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|Create Date||August 8, 2008|
|Last Updated||August 8, 2018|
1 Current status
Occurring in at least 22 coastal localities in the Isle of Man and western Britain from
central Scotland to south-west England, the Isle of Man Cabbage is a nationally scarce
British endemic. The New Atlas of the British Flora (2002) maps it as native in 34
post-1086 hectads, extending from Arran to Gower, most being from N. Cumbria to
Wirral (including the Isle of Man). The atlas states that Isle of Man Cabbage is stable
or even increasing in the centre of its range in N.W. England, but is slowly declining elsewhere.
In north Merseyside, Isle of Man Cabbage is confined to the Sefton Coast sand-dunes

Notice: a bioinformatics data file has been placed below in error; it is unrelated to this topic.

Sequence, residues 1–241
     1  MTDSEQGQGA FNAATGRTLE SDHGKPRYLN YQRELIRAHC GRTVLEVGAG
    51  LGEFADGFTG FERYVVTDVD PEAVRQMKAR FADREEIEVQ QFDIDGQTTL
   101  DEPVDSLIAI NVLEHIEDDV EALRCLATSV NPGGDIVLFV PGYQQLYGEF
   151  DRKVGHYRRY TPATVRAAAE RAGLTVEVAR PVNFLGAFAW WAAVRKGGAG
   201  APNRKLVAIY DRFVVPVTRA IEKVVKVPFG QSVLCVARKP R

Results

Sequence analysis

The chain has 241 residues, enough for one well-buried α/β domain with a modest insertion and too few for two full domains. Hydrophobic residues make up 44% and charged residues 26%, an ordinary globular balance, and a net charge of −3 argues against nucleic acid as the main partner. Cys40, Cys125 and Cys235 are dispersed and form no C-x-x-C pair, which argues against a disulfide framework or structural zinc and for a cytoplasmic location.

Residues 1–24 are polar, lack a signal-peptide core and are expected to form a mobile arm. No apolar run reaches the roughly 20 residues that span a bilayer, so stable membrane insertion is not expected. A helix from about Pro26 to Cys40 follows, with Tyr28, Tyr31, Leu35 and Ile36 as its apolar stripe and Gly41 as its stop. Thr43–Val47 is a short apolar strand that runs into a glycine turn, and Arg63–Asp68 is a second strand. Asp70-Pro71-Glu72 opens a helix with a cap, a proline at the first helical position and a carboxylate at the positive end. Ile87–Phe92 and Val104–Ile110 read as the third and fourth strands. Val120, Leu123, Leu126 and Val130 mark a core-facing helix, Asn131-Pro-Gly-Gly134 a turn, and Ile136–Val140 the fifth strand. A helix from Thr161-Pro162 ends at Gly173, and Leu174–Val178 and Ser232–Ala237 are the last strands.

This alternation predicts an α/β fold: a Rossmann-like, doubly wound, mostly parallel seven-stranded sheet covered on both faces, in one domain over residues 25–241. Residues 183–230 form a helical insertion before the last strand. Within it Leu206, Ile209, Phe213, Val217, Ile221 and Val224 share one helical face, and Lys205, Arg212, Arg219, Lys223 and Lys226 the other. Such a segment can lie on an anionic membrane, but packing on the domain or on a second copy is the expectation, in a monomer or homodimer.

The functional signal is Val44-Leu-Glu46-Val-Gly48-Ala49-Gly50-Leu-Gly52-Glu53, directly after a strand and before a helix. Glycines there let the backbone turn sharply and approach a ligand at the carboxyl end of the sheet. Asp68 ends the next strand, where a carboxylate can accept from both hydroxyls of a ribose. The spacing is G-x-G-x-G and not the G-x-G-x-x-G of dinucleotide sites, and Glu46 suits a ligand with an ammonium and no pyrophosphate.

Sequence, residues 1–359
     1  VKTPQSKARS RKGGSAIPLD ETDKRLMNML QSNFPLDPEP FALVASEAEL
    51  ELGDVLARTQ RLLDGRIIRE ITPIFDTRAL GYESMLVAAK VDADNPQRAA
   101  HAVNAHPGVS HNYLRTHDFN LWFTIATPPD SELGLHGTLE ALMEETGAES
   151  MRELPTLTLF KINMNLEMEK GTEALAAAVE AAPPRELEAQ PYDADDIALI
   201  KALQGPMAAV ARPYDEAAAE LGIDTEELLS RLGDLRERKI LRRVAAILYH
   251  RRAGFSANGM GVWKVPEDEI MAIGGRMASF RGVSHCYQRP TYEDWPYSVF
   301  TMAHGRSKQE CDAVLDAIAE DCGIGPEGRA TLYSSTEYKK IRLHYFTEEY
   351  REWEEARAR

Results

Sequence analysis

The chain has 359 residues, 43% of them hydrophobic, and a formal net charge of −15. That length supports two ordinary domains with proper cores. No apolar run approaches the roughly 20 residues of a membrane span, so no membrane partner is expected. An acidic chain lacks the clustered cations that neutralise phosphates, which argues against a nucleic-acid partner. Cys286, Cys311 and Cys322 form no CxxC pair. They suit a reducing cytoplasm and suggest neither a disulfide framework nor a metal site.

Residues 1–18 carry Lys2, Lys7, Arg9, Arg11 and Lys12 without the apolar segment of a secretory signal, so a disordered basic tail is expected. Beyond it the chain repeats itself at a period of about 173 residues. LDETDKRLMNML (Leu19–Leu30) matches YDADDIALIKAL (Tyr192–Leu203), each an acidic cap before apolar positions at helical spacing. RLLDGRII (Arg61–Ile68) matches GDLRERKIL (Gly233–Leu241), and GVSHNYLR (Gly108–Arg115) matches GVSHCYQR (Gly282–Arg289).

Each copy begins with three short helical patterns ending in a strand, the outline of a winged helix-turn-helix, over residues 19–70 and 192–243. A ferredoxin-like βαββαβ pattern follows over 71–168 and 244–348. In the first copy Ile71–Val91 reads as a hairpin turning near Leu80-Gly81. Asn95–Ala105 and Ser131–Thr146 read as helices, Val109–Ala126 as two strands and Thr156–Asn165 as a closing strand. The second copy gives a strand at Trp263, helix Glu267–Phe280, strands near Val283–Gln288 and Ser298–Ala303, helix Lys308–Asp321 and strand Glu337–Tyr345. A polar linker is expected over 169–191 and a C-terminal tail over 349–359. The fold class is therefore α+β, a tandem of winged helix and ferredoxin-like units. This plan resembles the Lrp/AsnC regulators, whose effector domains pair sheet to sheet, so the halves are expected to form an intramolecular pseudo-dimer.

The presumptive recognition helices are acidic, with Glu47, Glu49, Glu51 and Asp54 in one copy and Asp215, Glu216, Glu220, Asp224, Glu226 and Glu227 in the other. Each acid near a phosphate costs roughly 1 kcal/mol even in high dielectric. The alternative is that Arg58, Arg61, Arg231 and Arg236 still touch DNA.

where it has always been extremely localised. For many years it was only known
from the Crosby - Blundellsands area but development progressively destroyed this
population and it became extinct in 1992. A second colony was found in 1983 in the
Birkdale Sandhills Local Nature Reserve but this disappeared in about 1993 due to
maturation of its habitat. A third population, discovered in 1989 at Southport Marine
Lake, initially prospered, reaching a total of at least 874 plants in 1997 but declined to
281 plants by 2004.
Plants from the relict Blundellsands colony were translocated in 1992 to six sand-dune
sites nearby at Hall Road and Crosby Marine Park. From a total of only 29
plants surviving in 1994, there has been a steady increase to 1323 plants in 2007,
while the area colonised by the Isle of Man Cabbage at these sites increased fourteenfold
between 1998 and 2007, reaching over 13,600 m2 in the latter year.